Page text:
Supercell storms sweep across southern states and expose millions to dangerous tornadoes

Several southern states were hit by large storms Tuesday night into Wednesday morning, which produced dangerous cyclones.

Counties across Mississippi, Arkansas and Louisiana were under one Hurricane Watch A severe supercell storm system is moving across the United States on Wednesday.

The National Weather Service confirmed several tornadoes touched down in Mississippi as of Tuesday evening, leaving a path of destruction.

No injuries were reported as severe thunderstorms lashed eastern Texas to Georgia and north to Indiana.

Severe weather will affect the Mississippi and Tennessee river valleys

People were affected by heavy rains and large hailstones as a strong cyclone hit the south.

Just before 5 a.m. Wednesday, the National Weather Service, based out of Birmingham, Alabama, confirmed a tornado touched down southwest of Dallas and tweeted an emergency warning to residents. Tweet residents to “Take cover immediately!”

Lightning brightens the evening sky in Jackson, Miss., Tuesday, Nov. 29, 2022. As twisters hit parts of Louisiana and Mississippi, residents in the area were given a light show due to severe weather.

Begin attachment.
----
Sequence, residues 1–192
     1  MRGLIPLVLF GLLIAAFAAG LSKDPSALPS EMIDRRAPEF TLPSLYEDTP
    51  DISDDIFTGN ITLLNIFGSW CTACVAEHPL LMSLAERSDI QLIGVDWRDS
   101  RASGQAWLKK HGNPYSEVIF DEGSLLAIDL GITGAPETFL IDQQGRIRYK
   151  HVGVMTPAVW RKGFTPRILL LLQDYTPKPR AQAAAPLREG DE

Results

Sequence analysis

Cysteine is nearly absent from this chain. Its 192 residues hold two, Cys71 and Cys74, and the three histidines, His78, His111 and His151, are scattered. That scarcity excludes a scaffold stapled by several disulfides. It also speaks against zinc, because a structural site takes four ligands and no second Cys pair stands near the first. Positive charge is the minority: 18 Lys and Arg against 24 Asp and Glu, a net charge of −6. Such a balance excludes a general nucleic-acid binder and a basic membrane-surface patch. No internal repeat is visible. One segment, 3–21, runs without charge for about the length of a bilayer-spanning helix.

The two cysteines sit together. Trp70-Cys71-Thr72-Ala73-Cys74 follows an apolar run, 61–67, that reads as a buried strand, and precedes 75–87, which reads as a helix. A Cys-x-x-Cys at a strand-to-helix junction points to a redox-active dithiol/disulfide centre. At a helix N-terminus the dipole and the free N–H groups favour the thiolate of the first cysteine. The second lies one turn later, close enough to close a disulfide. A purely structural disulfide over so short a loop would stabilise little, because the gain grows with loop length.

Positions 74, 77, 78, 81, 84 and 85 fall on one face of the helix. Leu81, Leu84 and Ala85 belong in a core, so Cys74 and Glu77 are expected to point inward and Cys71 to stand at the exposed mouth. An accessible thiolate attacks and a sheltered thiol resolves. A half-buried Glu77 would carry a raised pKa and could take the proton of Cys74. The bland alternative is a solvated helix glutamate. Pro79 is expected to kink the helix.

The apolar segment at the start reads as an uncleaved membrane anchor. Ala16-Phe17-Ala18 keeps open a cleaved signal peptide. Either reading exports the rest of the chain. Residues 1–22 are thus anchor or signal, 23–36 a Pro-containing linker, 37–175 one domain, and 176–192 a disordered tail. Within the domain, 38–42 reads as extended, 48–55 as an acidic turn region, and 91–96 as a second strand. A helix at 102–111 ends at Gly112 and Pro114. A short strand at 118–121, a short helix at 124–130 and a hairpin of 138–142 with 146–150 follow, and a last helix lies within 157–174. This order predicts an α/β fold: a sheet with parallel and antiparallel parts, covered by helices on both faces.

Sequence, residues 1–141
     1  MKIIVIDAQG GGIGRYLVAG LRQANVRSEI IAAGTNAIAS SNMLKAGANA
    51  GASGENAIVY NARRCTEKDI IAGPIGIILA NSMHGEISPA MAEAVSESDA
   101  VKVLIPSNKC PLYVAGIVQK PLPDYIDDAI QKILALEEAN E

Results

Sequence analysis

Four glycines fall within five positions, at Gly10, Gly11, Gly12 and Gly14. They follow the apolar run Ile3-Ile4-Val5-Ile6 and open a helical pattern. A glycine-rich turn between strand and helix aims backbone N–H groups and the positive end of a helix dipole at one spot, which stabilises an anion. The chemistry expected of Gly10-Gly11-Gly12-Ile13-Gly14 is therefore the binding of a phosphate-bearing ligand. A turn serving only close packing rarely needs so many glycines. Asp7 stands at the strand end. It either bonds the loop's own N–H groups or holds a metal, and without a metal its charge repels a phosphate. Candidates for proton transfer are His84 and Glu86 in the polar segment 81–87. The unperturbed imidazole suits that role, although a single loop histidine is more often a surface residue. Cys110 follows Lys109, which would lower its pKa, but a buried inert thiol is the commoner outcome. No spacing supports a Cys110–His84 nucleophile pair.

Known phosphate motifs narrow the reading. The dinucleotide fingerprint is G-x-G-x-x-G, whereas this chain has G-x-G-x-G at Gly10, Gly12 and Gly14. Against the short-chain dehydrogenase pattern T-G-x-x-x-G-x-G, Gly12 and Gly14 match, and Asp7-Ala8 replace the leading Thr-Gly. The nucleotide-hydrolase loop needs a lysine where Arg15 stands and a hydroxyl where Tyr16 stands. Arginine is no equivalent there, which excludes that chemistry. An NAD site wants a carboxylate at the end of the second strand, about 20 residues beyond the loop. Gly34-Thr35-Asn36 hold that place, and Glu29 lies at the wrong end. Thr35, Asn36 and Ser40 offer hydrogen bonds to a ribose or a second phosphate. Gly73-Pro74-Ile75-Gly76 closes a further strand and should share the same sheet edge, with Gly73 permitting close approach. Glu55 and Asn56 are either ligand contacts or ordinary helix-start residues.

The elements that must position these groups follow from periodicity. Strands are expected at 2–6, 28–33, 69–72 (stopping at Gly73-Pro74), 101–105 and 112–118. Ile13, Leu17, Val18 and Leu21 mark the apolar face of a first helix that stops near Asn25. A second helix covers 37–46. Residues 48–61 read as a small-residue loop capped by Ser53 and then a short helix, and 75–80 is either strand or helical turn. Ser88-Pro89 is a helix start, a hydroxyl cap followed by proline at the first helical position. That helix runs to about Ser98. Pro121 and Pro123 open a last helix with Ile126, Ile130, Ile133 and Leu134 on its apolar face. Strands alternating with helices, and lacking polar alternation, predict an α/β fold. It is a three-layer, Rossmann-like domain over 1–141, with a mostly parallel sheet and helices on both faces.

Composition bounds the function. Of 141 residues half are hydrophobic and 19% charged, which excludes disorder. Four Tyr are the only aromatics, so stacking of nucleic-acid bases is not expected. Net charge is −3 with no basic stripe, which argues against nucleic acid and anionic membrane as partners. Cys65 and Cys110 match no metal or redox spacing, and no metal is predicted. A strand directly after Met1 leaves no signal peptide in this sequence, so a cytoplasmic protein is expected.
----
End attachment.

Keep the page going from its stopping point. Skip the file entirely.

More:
Dark clouds before a tornado over Louisiana's Mt.

Dark clouds before a tornado over Louisiana’s Mt.
(Twitter via Hayden Lester)

People were reportedly trapped inside a grocery store in Caledonia, Mississippi, shortly after 6pm on Tuesday, but got out safely. A family trapped in a house about a mile from the store also escaped.

A vehicle races down a Jackson, Miss., street like lightning streaks across the sky.

A vehicle races down a Jackson, Miss., street like lightning streaks across the sky.

In West Alabama, a tornado damaged several homes and left thousands of customers without power early Wednesday morning.

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Just after 7 p.m. Central Time, the National Weather Service advised residents of Caldwell Parish, Louisiana to take cover due to a “devastating tornado on the ground now.”

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Additionally, flood watches were issued for parts of southeast Mississippi and southwest Alabama. Three to five inches of rain in these areas could cause flash flooding, the National Weather Service said.

In parts of the Upper Midwest, heavy snow slowed traffic.

The Associated Press contributed to this report.

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